To describe the measurement procedure, it is helpful to analyze possible sources of error during the measurement:
Reduction of the speed of the ultrasonic wave as the temperature increases
In carbon steel, it is estimated at around 1% per 55° Celsius. This means that the return time of the ultrasonic echo will increase and in the absence of speed correction the result will be artificially high. This error increases with the thickness of the test material and the temperature increase. To avoid this error, it is important to perform a calibration procedure using a test block of the same material and temperature as the tested material. The best practice is to heat the calibration block on the measurement spot until it reach the same temperature. If this is not possible, appropriate sound velocity correction should be applied. It is most convenient to do this in the software of the device because it provides immediate feedback to the operator for correct evaluation.
Increased material attenuation as the temperature increases
In carbon steel, it is estimated that attenuation of a 5MHz longitudinal wave at room temperature is 2dB per 100mm distance. This mean that for ultrasonic measurement, which is based on returned echo, a correction of 4dB per 100mm has to be done (round trip). At 500°C the attenuation is as much as 30dB (approximately 20 times higher). Significant gain adjustment is needed to obtain a decent signal.
Shifting of the probe zero with temperature change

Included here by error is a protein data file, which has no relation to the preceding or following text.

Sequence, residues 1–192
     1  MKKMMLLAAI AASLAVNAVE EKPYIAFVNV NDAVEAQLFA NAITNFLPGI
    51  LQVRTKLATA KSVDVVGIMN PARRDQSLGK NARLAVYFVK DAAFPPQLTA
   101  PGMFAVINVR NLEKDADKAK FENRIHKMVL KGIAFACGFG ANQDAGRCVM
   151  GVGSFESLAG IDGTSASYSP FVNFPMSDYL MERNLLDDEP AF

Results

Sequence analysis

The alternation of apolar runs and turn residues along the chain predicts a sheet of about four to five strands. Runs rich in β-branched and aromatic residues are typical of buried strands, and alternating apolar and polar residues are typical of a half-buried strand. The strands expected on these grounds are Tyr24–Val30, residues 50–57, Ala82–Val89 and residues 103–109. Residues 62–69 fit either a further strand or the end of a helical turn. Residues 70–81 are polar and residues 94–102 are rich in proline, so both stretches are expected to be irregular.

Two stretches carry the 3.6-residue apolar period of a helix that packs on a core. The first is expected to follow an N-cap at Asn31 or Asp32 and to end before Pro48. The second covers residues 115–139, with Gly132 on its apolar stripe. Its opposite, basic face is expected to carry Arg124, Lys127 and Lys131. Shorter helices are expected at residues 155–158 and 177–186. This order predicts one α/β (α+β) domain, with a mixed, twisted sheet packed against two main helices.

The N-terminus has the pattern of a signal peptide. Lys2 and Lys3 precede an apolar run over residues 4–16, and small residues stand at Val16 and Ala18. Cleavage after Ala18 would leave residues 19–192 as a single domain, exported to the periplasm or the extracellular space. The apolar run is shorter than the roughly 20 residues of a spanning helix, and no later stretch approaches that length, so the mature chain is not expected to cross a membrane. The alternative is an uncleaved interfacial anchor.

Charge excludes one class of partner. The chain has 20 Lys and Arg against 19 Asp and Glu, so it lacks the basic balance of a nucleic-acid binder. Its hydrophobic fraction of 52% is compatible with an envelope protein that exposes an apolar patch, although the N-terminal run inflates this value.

When in contact with a hot object, the probe`s delay line heats too. The time of flight of the ultrasonic wave between the piezoelectric material and the probe‘s face is longer. Thickness readings
become artificially high. This error is difficult to correct due to the lack of precise information on the temperature of the delay line, as it does notheat up uniformly and immediately upon contact.
SONOTEC offers a high temperature corrosion kit for the SONOWALL 70 A-/B-Scan thickness gauge. The complete kit consists of the following components:
- SONOWALL 70 - High-End A-/B-scan thickness gauge with powerful pulser up to 400 V and 60°C ambient operating temperature
- Temperature compensation - Function for automatic adjustment of the sound velocity of hot test objects
- SONSOCAN TS5H ultrasonic probe – for precise high temperature measurements up to 550°C and 350°C with no duty cycle, including armored cable and handle extension
- SONOGRID Corrosion Management Software - for efficient collection of linear/2D/3D matrix data
- Heavy Duty impact protector set - for maximum protection against shocks and drops